"I was feeling cross on Tuesday."

Translation:Bha mi a' faireachdainn crosta Dimàirt.

July 18, 2020

This discussion is locked.


A question on the spelling of Dimàirt. Is it an exception to the "broad to broad, slender to slender" rule? I thought i was slender and a was broad?


When you see this rule broken, you can be pretty much sure that you see a compound word.

And that is the case here. :) Dimàirt was actually originally two separate words, Di day and Màirt (of Mars, genitive) slapped together – most week days were translated from Latin (also compare English Tuesday which comes from Tiw’s day, Tiw being the Old English name of the god called Týr in Norse, which for some reason got identified with Roman Mars by pre-Christian Germanic peoples).

Di (from Old Irish día) went out of use as a regular noun for day, replaced by latha, là, and today it remains only in week-day names – that’s probably the reason why it is spelt together as Dimàirt (and Didòmhnaich, Diardain, etc.) but sometimes you’ll see it written as Di-màirt, DiMàirt, etc. too.

In Irish those are still written separately: Dé Luain, Dé Máirt, Dé Domhnaigh… (but then Irish also uses those names without the part, in nominative: Luan, Máirt, Domhnach…)


I was using the letter tiles and there was only one with 'a' on it (no punctuation). It accepted it but claimed it was a typo (for missing off the apostrophe). Have reported it as 'other'.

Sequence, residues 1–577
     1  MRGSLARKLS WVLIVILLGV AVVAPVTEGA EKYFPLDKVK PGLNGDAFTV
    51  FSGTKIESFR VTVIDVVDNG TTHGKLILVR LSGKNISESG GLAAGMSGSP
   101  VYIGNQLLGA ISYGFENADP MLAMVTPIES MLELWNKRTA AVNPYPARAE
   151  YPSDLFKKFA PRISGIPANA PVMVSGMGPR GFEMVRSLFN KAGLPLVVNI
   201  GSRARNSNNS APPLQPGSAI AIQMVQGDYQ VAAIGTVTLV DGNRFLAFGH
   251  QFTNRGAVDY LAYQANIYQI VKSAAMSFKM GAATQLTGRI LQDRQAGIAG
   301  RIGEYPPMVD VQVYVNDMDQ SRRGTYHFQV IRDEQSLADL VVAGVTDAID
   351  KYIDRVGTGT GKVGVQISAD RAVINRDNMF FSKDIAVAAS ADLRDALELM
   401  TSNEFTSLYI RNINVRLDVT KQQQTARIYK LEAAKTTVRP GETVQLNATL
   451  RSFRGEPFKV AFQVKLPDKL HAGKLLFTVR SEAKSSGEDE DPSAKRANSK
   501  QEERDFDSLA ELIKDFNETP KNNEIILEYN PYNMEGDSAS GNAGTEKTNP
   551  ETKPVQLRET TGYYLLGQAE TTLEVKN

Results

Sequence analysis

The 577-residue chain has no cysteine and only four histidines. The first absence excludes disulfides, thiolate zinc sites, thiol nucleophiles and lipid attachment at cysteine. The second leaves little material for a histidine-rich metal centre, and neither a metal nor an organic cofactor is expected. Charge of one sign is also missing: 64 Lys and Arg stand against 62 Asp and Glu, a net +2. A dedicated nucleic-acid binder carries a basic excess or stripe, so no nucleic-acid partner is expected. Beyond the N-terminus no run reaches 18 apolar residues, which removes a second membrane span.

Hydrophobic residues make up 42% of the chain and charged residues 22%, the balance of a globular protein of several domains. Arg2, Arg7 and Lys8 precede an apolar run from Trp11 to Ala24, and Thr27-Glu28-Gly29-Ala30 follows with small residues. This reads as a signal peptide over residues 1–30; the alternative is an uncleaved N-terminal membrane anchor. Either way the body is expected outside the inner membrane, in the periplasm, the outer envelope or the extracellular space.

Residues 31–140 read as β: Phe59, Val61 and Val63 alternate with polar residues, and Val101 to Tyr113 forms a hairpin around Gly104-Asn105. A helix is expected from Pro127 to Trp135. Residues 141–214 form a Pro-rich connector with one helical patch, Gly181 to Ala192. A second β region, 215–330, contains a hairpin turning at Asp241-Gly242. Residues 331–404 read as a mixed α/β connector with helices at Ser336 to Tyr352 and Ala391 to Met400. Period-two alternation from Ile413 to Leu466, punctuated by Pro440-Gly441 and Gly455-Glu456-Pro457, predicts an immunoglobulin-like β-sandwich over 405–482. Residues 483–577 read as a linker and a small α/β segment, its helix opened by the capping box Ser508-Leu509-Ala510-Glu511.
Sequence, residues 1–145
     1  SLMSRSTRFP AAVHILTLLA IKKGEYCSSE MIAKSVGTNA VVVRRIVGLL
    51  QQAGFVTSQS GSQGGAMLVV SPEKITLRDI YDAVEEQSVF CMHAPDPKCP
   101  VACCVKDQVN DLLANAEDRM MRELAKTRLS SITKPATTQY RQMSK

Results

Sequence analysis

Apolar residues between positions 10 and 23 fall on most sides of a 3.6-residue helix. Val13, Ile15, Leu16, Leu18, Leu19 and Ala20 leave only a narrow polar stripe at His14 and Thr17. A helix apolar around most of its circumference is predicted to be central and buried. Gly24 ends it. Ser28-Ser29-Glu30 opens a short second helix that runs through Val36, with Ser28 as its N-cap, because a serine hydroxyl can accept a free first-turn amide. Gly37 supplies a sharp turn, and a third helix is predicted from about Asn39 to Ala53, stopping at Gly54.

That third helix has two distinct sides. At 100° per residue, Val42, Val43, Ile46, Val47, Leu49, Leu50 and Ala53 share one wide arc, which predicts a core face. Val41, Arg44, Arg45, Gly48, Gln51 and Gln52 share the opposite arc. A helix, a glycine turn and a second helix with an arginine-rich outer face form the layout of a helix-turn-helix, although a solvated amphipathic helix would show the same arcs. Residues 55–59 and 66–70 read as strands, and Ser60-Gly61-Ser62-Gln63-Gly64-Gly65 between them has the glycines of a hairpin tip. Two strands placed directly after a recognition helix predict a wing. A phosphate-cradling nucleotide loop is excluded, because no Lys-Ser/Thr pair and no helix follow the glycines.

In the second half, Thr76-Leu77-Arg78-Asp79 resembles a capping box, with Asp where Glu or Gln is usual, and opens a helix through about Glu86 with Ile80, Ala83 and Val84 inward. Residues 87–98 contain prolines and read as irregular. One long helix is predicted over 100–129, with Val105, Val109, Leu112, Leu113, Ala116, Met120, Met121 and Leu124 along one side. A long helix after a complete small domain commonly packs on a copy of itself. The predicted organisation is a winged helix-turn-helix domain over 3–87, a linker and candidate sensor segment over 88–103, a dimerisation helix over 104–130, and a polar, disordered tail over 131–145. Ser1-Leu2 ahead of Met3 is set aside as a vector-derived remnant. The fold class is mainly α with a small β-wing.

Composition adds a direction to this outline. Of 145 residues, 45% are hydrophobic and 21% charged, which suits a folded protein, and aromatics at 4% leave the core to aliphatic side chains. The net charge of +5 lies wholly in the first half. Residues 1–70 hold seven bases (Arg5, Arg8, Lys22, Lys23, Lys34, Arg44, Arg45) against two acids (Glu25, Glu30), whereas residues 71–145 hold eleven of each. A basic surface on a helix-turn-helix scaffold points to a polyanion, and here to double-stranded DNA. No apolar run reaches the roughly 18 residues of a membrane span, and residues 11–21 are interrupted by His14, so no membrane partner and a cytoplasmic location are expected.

I doubt that is an issue with the question but more with your experience with the Gaelic tree. I can see all the accents, though admittedly I tend to use my keypad or phone to put the accents in. But since you didn't include more information we can't tell where the issue is.


Apologies I meant word tiles. But I did not mean accent. I know how to do accents when using the keyboard, and indeed apostrophes. This was using the word tiles, and a word tile without an apostrophe after the "a", the only possible option to choose in this case, yet it told me it was a typo.

Happy to give any further information. Thanks for all your work on this.



Check that spelling, i had it right first time round and was marked wrong. I then wrote it as suggested and it was marked wrong again. Faireachdainn, fearaichdainn?


The question of 'mi' or 'mise' has arisen. AS there is no guidance in the sentence the use of mi/mise is left to the translator and either could be correct

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